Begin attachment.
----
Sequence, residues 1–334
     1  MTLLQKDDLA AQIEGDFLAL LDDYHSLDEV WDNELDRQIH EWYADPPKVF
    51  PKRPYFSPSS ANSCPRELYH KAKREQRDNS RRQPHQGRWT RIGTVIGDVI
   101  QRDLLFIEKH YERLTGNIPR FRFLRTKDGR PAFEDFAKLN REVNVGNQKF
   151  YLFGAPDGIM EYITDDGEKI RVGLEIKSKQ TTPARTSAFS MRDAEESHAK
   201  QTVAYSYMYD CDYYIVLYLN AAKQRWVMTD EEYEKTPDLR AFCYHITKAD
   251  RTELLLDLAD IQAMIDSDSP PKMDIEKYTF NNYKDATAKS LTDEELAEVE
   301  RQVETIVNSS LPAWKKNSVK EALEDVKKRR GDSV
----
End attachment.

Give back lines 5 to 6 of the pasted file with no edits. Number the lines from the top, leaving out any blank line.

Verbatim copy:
   151  YLFGAPDGIM EYITDDGEKI RVGLEIKSKQ TTPARTSAFS MRDAEESHAK
   201  QTVAYSYMYD CDYYIVLYLN AAKQRWVMTD EEYEKTPDLR AFCYHITKAD